The Classics Reclamation Project is my personal challenge to read and enjoy the classics. Each Wednesday, I post about the classic I’m reading at the moment.
Oh my. It’s finding books like this one that make this project totally worth it.
I Capture the Castle by Dodie Smith had me from the first sentence. Sometimes that happens, but as the book goes along, it sort of loses you. Not so with this lovely novel.
As I mentioned last week, the book is about 17-year-old Cassandra Mortmain and her family: her father, her stepmother (Topaz), her sister (Rose), her brother (Thomas), a family friend (Stephen), a cat (Ab), a dog (Hel), and a dressmaker’s mannequin (Miss Blossom). The whole lot of them live together in a glorious old house that’s built into the ruins of an ancient, crumbling castle. They had money once, but ever since Mr. Mortmain published his hit debut novel, he hasn’t written a word, and the family has sunken into poverty. Thankfully, the old man who’s leasing the castle to the Mortmains never demands the rent; on the contrary, he sends over a ham each Christmas. Stephen, whose mother worked for the Mortmains and who grew up with the Mortmain children, helps around the house in every way he can. It’s about at this point that we first meet Cassandra and her family.
Cassandra is an aspiring writer, and I Capture the Castle is her journal. She’s learned to speed write and spends long hours hidden away in the barn, in the attic, or up near the old tower, recording the doings of the family as well as her personal thoughts. The book is even divided into three parts to show where each of her notebooks finishes and the next begins.
Jenny from Jenny’s Books has a “Snuggly Sparkle Hearts” category, which she explains (in part) thusly: “Sometimes I read a book, and I have a response of overwhelming joy, but the joy is coming from a place in my heart that is unrelated to my critical faculties.” That’s how I feel about I Capture the Castle. I’m not sure it’s the paragon of what a book should be, but my goodness, I loved it. Let me try and count the ways.
First, there is Cassandra herself. She’s darling. On the front of my edition is a gigantic blurb from J.K. Rowling stating “This book has one of the most charismatic narrators I’ve ever met,” and I wholeheartedly agree. Cassandra says the most delightful things. Some examples:
“When I read a book, I put in all the imagination I can, so that it is almost like writing the book as well as reading it–or rather, it is like living it. It makes reading so much more exciting, but I don’t suppose many people try to do it.” (p. 26)
“Noble deeds and hot baths are the best cures for depression.” (p. 38)
“Walking down Belmotte was the oddest sensation–every step took us deeper into the mist until at last it closed over our heads. It was like being drowned in the ghost of water.” (p. 216)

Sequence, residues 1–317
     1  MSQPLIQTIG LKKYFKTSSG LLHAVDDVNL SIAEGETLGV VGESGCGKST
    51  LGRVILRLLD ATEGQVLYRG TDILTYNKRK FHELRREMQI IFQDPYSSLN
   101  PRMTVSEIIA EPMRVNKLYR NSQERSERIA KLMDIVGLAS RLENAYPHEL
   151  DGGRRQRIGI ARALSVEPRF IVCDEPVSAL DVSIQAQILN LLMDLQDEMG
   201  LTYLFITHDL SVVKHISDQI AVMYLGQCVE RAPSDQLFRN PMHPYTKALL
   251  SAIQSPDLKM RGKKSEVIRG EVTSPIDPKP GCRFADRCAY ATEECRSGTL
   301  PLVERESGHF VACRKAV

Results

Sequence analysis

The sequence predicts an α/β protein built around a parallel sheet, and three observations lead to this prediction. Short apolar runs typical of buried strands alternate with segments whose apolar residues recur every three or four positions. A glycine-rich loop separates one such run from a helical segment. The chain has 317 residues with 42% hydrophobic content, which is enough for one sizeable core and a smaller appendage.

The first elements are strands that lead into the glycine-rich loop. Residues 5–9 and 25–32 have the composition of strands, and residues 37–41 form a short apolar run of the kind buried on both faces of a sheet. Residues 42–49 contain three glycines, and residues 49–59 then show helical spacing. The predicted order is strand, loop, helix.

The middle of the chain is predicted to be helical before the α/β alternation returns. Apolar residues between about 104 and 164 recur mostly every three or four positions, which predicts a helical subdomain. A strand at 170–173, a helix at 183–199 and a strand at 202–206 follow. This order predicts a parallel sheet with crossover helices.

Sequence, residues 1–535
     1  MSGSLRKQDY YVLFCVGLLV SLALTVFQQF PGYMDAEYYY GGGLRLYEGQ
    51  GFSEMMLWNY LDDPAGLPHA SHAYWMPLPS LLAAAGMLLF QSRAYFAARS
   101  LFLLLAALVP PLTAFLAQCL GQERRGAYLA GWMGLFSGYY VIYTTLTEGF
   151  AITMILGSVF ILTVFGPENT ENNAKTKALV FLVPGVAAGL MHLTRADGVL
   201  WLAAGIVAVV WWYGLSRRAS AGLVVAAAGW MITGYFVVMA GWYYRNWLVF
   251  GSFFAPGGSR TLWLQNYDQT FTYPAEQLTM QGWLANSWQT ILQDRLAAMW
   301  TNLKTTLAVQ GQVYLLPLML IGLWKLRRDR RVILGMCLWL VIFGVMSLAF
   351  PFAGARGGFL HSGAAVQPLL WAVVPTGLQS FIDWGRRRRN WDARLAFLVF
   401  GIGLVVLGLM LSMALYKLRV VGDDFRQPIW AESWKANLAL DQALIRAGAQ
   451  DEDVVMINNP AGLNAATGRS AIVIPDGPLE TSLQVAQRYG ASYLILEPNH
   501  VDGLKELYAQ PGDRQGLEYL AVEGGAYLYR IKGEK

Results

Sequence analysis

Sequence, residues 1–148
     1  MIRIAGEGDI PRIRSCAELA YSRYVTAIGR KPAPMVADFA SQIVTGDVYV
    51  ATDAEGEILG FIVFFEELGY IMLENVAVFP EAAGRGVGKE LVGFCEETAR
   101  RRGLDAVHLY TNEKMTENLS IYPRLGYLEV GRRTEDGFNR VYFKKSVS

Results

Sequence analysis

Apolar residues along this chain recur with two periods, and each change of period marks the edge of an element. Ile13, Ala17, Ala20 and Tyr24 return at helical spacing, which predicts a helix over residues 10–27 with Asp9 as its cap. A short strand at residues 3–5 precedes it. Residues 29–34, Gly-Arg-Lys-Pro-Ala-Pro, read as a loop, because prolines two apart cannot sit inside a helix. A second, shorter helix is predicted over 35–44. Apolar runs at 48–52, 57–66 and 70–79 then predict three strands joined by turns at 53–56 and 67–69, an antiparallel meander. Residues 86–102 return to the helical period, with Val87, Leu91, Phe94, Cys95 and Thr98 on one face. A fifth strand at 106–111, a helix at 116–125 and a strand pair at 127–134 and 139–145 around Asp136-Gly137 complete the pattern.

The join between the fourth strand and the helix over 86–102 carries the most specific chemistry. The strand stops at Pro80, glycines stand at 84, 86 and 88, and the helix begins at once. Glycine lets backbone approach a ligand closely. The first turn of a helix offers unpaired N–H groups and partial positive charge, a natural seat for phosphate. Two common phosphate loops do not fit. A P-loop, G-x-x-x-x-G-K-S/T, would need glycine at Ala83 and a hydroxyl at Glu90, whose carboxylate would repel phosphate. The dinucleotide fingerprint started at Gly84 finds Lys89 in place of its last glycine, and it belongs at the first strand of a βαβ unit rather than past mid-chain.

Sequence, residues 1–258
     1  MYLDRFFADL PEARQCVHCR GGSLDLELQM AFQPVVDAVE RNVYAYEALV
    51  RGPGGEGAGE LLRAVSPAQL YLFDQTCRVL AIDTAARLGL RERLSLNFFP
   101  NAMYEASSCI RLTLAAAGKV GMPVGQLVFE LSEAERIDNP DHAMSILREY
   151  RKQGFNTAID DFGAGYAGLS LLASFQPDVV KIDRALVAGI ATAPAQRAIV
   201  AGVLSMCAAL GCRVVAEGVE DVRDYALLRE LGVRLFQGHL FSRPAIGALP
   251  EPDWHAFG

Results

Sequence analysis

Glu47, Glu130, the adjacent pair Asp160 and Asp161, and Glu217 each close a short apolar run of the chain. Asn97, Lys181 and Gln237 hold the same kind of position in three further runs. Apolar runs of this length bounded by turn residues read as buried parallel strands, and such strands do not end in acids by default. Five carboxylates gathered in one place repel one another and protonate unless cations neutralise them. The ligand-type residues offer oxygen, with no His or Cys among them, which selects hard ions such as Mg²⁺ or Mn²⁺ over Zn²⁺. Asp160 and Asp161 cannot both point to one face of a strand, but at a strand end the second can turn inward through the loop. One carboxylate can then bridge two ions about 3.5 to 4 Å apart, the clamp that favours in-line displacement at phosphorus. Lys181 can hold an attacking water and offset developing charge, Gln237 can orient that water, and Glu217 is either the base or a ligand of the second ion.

She does come across as young, but I don’t think overly so; she’s still a teenager, after all, and she does grow throughout the book. She kind of struck me as the (much, much improved) female version of Holden Caulfield from The Catcher in the Rye, if Holden were loveable, good-natured, happy, and capable of maturing. There was, for me, that same sense of a young person on the edge growing up. But where Holden simply won a little of my intellectual appreciation, Cassandra one hundred percent captured my heart.
So often in books formatted as diaries, the story, at some point, begins to feel contrived. I cease to believe that events are happening in the ordinary course of the narrator’s life; instead, I begin to suspect the author is gently (or not too gently, as the case may be) pulling the story in the direction s/he intends. I did not ever get that sense while reading I Capture the Castle. It always felt like Cassandra’s life. Even the way she’d mention that she wrote a section over three days but didn’t mark the breaks so it would seem like one story, or how she’d mark places where she’d gone away and come back, felt so real to me. I can’t think of a better novel in journal form I’ve read recently.
I liked, too, that the book only spanned eight months, from March to October. So often as of late the books I’ve read have been sweeping in scope, examining full lifetimes or more. Not that I mind; I didn’t even notice until I read I Capture the Castle, with its 300+ pages dedicated to less a year. I liked the detail with which Cassandra related the events of those months and never felt bored or lost.
I’ll admit, I started to get worried as the ending approached. I wasn’t sure I was going to believe it. But then, when it arrived, I did. It couldn’t have ended any other way. I love when you can trust an author to take a book along just the path it requires. I’m curious, for those of you who’ve read the book: did the ending sit well with you?
I’m trying to think of any complaints, even minor ones, I had about I Capture the Castle, and I’m coming up empty. I’m not sure everyone will love it as much as I do (hence the “Sparkly Snuggle Hearts” warning), but I do think it’s a wonderful book that deserves a chance from everyone, teen to adult. I don’t reread much, but I Capture the Castle by Dodie Smith is one I know I will revisit.